In a story last week in The Tablet.
Lay sermons permitted, Vatican tells Swiss bishops. Proposals by Swiss bishops to allow lay theologians to give sermons and Protestants to receive Communion have met with the approval of the Curia in Rome, Bishop Amédée Grab, president of the Swiss bishops’ conference, said this week.
I was highly skeptical of this story when I saw it and figured I would not have to wait too long to see it debunked. Permission for lay theologians to give homilies would be a direct violation of canon law. This of course is not a doctrinal issue and is more of a prudential decision regarding the liturgy, but if the Church did allow this than canon law would have to be changed first. The same article had said that this would be allowed for "emergency situations" and I would really like to know what situation calls for an emergency pinch homilist. The Mass would required that a priest or bishop be there to celebrate Mass in the first place and homilies are only required for Sundays and other Holy Days of Obligation.
Giving Communion to Protestants in situations other than impending death and their acceptance of the Catholic view of the Eucharist goes way beyond just the prohibitions in canon law. Saint Paul did not mince words for those who did not discern the body and blood of the Lord and it would also be wrong for someone to give an amen to what they do not in fact believe.
In a story today the rest of the story comes out. The Swiss Bishops received no such permission for these changes. Their Bishop’s conference recently wrote two documents on these subjects prior to the ad limina visit at the beginning of this month. One of the two documents actually condemns the intercelebration of Catholic priests and Protestant ministers and says:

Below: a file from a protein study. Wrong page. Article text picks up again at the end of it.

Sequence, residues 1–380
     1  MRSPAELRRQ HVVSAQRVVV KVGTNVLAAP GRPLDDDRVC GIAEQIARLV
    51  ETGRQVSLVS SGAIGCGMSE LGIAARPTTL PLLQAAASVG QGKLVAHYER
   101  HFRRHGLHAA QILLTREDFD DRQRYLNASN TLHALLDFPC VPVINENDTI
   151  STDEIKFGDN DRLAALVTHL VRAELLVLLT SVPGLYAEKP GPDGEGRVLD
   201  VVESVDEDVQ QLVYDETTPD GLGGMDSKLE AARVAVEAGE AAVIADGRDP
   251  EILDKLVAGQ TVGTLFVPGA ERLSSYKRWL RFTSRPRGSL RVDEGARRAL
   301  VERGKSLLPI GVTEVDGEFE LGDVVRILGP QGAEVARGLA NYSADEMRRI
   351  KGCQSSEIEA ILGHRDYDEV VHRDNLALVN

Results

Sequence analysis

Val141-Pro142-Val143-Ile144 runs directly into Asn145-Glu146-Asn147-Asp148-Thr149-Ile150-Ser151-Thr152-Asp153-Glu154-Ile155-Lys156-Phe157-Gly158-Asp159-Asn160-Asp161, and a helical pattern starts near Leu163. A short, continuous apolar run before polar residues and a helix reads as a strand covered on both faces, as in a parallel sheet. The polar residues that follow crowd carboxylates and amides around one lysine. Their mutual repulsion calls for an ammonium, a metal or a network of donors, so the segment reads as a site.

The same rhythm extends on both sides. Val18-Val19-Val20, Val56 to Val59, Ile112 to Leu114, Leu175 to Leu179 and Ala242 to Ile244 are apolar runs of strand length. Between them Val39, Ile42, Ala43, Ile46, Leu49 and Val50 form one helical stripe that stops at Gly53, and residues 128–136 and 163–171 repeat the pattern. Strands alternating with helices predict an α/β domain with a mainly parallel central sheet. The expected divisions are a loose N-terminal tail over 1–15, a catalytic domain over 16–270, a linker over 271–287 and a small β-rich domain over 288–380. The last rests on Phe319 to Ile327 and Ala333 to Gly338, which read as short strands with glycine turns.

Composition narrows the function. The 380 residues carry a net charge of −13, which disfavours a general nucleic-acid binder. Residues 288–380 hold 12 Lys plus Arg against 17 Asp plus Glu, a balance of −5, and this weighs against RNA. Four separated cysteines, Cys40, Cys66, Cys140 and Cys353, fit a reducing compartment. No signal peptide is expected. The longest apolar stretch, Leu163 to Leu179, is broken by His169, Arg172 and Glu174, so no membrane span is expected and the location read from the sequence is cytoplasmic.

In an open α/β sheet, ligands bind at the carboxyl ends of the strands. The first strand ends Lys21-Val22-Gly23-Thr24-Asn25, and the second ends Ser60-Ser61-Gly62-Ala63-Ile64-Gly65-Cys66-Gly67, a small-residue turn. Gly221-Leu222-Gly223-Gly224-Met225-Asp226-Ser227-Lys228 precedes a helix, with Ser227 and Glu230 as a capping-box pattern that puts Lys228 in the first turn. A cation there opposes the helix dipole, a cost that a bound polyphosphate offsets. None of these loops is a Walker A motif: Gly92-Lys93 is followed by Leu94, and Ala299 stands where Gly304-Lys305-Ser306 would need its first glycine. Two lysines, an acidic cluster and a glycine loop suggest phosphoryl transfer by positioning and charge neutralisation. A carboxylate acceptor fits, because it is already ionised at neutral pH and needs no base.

"Unfortunately there are still obstacles on the path to the full unity of all Christians. Such barriers, however, may not be overcome by simplifications, playing down the seriousness of the open questions, as this is the case with intercelebrations of Catholic priests and Reformed ministers. In order to be able to celebrate the Eucharist of the Lord together sometime in the future, Catholics and Protestants must gather regularly and continue to pray with each other."
Their other document approves of lay people giving meditations or homilies during the Mass Redemptionis. This of course is in direct violation of both canon law and Redemptionis Sacramentum.
The Swiss Catholic lay organization ‘Pro Ecclesia" responded to the Bishop’s document.
"The documents of the Swiss bishops’ conference are surprising and worrying us, because they do not comply with the instructions of the magisterium". "Such a procedure appears to be a deliberate step to confront Rome with completed facts. Even more it contradicts the vow of obedience of the bishops to the Holy Father." The lay organisation was convinced that neither the Pope nor the concerned church authorities would grant Switzerland concessions, as these would put the unity of church at risk.
The article also included this:
A Swiss priest wrote in a kath.net article: "Our bishops are real world champions in blandishing crisis". He criticised that the bishops open a lengthy dialogue on liturgical abuses rather than calling their subordinates to obedience. The Swiss bishops state that "in some dioceses of Switzerland certain customs have developed that are not foreseen in the currently valid liturgical guidelines of the church universal." The priest remarks: "Our bishops state this in a way, as it would not affect their authority and responsibility as overseers of the local church." He concludes:"For me, as a priest, all this liturgical disobedience is really wearisome."
Suffragan bishop Paul Vollmar of Zurich told in a radio interview, that during a meeting on liturgical aspects, his German and Austrian colleagues have rebuked the idea to allow homilies by lay people: "Suddenly all of them approached me and said: You Swiss are really the pestilence in Europe."
Bishop Amédée Grab: Homilies by lay people are not allowed